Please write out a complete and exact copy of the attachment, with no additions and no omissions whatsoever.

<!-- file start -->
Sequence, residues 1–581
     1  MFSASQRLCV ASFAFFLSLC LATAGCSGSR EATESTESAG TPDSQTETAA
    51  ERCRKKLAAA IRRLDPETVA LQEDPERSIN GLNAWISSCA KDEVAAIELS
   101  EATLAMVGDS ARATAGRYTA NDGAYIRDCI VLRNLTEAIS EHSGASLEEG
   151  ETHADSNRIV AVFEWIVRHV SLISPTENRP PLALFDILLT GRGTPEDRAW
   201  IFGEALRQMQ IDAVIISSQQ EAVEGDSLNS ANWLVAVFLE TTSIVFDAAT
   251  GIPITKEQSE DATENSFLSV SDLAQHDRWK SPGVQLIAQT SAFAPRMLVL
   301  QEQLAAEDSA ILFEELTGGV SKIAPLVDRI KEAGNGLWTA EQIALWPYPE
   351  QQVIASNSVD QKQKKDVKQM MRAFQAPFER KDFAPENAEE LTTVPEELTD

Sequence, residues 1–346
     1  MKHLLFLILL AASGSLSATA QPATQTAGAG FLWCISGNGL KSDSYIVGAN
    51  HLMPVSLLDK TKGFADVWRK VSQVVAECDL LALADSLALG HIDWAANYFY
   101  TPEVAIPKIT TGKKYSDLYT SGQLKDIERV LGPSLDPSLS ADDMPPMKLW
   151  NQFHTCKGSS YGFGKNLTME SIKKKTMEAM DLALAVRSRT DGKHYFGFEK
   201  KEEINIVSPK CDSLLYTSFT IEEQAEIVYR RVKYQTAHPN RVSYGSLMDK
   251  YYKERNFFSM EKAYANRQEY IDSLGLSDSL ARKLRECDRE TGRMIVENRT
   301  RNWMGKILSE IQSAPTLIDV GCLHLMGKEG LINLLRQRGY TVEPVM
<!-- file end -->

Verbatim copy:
Sequence, residues 1–581
     1  MFSASQRLCV ASFAFFLSLC LATAGCSGSR EATESTESAG TPDSQTETAA
    51  ERCRKKLAAA IRRLDPETVA LQEDPERSIN GLNAWISSCA KDEVAAIELS
   101  EATLAMVGDS ARATAGRYTA NDGAYIRDCI VLRNLTEAIS EHSGASLEEG
   151  ETHADSNRIV AVFEWIVRHV SLISPTENRP PLALFDILLT GRGTPEDRAW
   201  IFGEALRQMQ IDAVIISSQQ EAVEGDSLNS ANWLVAVFLE TTSIVFDAAT
   251  GIPITKEQSE DATENSFLSV SDLAQHDRWK SPGVQLIAQT SAFAPRMLVL
   301  QEQLAAEDSA ILFEELTGGV SKIAPLVDRI KEAGNGLWTA EQIALWPYPE
   351  QQVIASNSVD QKQKKDVKQM MRAFQAPFER KDFAPENAEE LTTVPEELTD

Sequence, residues 1–346
     1  MKHLLFLILL AASGSLSATA QPATQTAGAG FLWCISGNGL KSDSYIVGAN
    51  HLMPVSLLDK TKGFADVWRK VSQVVAECDL LALADSLALG HIDWAANYFY
   101  TPEVAIPKIT TGKKYSDLYT SGQLKDIERV LGPSLDPSLS ADDMPPMKLW
   151  NQFHTCKGSS YGFGKNLTME SIKKKTMEAM DLALAVRSRT DGKHYFGFEK
   201  KEEINIVSPK CDSLLYTSFT IEEQAEIVYR RVKYQTAHPN RVSYGSLMDK
   251  YYKERNFFSM EKAYANRQEY IDSLGLSDSL ARKLRECDRE TGRMIVENRT
   301  RNWMGKILSE IQSAPTLIDV GCLHLMGKEG LINLLRQRGY TVEPVM